4. Arts, Culture and Theory.  Stacy Olster et al. are contributing to this, which is also somehow linked to the environment.  Its required esthetics course overlaps with major #3.

5. Sustainability Studies.  Schoonen emphasized that this is not environmental studies repackaged, but this note taker didn’t manage to record what else it is.

The planners tried out making Southampton a capstone college (Jr and Sr years) for Stony Brook students, but rejected the notion for a number of persuasive reasons.  As a result the campus needs a curriculum that takes students through four years.  Schoonen expects more courses will be required for the majors than here, but things not counted here as major requirements (prerequisites and DEC courses) will be folded into the Southampton majors.  He wants to develop new courses that will meet SB’s DEC requirements.

At this point Dean Schoonen ran into concerns from Council members.  Goodman questioned the extent to which DEC courses can be tied to majors, expressing concern that this may defeat the purpose of the DEC, which is to produce breadth.

Sarah Fuller asked about a library–both as a physical place and as a collection.  Schoonen: we have $22M from the state to renovate, repair, make campus serviceable. It will include SINC sites, places to plug in laptops, a writing center, a café.  The books in the existing library are going back to LIU.  Schoonen does not foresee many books in the new library, but expects online resources to be primary.  Wanted books can be carted back and forth from Stony Brook on the twice daily van. (AT: this does not permit much rummaging though the stacks–except electronic rummaging.)  Schoonen feels majors are in emerging fields, so they won’t much need a large collection of books.  The information stream in these fields is coming through the internet.  Tyree asked if there is a local public library as good as the local ones here.  Yes, but not within walking distance.  Making a deal with one would entail providing transportation between it and the Southampton campus.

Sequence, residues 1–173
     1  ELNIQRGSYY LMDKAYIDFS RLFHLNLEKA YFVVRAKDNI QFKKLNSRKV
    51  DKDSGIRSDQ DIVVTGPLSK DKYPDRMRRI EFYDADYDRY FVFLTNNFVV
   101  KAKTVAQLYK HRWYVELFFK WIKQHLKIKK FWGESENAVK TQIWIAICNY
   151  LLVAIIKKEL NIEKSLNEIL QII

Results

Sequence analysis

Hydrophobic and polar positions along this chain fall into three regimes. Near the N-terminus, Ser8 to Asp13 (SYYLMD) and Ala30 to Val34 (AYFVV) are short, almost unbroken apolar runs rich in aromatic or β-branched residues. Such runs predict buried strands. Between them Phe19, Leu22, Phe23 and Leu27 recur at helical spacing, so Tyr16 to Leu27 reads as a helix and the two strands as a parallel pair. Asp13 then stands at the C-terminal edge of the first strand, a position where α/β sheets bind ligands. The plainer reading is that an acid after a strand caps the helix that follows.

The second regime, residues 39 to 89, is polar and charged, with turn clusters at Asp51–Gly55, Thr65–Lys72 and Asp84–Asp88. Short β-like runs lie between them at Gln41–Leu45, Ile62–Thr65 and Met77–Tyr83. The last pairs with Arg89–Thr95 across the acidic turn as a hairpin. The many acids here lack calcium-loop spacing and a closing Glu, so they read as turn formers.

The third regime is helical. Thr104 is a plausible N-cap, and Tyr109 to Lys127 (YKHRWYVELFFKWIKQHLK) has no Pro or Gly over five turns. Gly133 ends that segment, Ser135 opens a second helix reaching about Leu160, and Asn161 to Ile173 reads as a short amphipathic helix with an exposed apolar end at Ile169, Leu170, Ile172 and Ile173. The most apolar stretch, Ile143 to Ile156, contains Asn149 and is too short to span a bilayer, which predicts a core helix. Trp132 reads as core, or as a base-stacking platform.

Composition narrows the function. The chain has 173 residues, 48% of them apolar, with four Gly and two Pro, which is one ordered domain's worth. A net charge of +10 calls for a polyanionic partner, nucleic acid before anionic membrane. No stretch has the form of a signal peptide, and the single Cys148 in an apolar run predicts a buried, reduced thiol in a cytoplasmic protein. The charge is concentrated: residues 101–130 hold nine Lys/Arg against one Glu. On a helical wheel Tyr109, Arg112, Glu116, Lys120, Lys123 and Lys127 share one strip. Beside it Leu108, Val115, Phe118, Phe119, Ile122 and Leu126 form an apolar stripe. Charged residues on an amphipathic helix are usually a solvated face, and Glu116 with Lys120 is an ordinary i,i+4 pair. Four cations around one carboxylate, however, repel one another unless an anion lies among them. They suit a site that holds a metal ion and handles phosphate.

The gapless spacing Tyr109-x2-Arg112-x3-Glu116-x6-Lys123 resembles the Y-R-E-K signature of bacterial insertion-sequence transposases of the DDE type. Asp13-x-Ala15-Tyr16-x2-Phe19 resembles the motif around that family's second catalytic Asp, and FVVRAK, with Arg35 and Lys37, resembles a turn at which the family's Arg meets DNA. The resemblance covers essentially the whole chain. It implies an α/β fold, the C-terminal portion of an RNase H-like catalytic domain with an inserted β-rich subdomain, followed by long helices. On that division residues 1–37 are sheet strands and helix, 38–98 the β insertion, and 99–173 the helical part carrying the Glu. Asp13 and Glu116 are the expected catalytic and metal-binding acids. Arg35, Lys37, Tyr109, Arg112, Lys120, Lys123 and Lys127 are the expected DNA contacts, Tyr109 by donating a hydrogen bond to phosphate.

Fuller: Languages?
Schoonen: We’ve been teaching Spanish in response to local demand.